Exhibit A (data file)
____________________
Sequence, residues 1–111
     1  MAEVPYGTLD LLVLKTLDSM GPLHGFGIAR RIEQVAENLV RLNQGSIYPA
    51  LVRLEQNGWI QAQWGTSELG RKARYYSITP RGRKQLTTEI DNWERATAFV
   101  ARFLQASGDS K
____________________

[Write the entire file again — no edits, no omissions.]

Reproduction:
Sequence, residues 1–111
     1  MAEVPYGTLD LLVLKTLDSM GPLHGFGIAR RIEQVAENLV RLNQGSIYPA
    51  LVRLEQNGWI QAQWGTSELG RKARYYSITP RGRKQLTTEI DNWERATAFV
   101  ARFLQASGDS K